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No, That’s Not a Giant Hornet: U of I Entomologists Educate Community After False Sightings

MOSCOW — A harmless, native insect known as the cicada killer wasp is being mistaken throughout Idaho as an international invader with a menacing reputation.

University of Idaho Extension Entomologists Jason Thomas, of Minidoka County, and Brad Stokes, of Elmore County, recently responded to several purported sightings of northern giant hornets – formerly referred to as murder hornets – known for their painful sting and decimation of honeybee colonies.

The entomologists run the Idaho Insect Identification website helping farmers, ranchers and Idaho’s general public correctly identify insects, arachnids and other arthropods.

In most user-submitted reports for bug identification investigated by Thomas and Stokes, people confused the giant hornet with the cicada killer wasp – a large, solitary insect that resembles the giant hornet but is docile and beneficial, helping control pests and pollinate flowers. Cicada killer wasps have black abdomens with yellow bands and orange-tinted wings. They also have smaller heads and torsos than northern giant hornets.

The insect identification website has prevented many users from unnecessarily applying pesticide against harmless or beneficial insects, such as cicada killer wasp, Stokes said.

“We’re saving the person financially, as well as Idaho’s environment and ecosystems from unwarranted pesticide applications,” Stokes said.

Northern giant hornets, which attack bee colonies, have not been found in Idaho to date. The insects — the world’s largest hornet species, discernable by their large jaws and dark, prominent eyes — made national headlines in May 2020 when they surfaced in northwest Washington. They have also been found in southwest Canada.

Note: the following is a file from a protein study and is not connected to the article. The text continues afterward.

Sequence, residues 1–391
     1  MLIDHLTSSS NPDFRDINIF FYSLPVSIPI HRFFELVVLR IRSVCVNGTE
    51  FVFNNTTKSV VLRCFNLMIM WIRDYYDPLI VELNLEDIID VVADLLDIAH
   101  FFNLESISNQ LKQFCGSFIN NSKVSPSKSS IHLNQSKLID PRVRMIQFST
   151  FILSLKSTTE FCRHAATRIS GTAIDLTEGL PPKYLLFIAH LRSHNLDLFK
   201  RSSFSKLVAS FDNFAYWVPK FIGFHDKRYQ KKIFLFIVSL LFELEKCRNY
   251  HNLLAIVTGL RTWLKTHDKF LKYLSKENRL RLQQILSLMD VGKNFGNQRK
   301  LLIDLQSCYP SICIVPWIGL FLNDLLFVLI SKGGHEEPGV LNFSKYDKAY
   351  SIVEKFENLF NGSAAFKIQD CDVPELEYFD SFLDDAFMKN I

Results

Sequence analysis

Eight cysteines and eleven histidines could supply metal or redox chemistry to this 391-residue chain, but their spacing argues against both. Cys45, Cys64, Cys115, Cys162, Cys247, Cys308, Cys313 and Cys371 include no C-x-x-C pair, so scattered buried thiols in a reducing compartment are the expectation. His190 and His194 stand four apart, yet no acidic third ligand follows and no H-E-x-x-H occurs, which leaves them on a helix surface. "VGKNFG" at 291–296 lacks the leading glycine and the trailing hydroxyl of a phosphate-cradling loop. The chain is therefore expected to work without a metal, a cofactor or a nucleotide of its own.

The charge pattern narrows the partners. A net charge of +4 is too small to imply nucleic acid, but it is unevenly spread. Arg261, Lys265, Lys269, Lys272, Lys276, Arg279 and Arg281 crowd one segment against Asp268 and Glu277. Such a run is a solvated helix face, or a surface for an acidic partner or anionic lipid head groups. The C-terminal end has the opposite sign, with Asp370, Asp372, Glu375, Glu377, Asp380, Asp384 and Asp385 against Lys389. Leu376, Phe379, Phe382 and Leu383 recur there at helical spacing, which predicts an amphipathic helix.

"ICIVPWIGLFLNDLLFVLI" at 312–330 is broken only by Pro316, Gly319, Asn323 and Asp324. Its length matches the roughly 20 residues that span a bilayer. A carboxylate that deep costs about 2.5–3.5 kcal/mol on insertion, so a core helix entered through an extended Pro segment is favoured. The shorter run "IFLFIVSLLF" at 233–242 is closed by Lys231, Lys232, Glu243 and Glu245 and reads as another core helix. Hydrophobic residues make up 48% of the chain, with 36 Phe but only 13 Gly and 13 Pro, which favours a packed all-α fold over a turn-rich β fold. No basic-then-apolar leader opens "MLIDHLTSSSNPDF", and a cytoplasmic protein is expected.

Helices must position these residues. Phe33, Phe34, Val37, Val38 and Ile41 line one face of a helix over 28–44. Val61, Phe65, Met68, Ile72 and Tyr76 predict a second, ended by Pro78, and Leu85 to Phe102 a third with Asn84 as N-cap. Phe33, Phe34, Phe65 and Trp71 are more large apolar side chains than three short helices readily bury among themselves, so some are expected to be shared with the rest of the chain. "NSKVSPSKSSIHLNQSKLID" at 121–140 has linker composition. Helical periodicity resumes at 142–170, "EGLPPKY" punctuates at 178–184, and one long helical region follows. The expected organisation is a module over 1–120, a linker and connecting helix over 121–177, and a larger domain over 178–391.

“Cicada killer wasps are bigger than the standard wasp and make a loud noise when flying around,” Thomas said. “People are afraid they’re going to get stung, but they’re not highly aggressive.”

Lately, the cicada killer wasp has been by far the most common insect submitted for identification. Stokes was also inundated with questions about cicada killer wasps mistaken for giant hornets at the recent Elmore County Fair. In response, he posted about the beneficial insect on the county’s 4-H Facebook page: “Their value in the ecosystem far outweighs the potential sting hazard.”

Female cicada killer wasps hunt cicadas, which they paralyze with their sting and bring back to their subterranean nests. They lay their eggs in cicadas to provide a food source for offspring. Idaho has species of cicadas that hatch annually, but the wasps also feed on stink bugs, grasshoppers and other large insects.

Northern giant hornets prefer cool, forested environments. They grow to about 2 inches long, roughly three-quarters of an inch bigger than cicada killer wasps. Northern giant hornets have gold bands and are most easily distinguished by their oversized heads and mandibles, which they use to attack and crush honeybees before feeding on bee larvae and pupae.

To learn more about the northern giant hornet and several look-alike species, visit: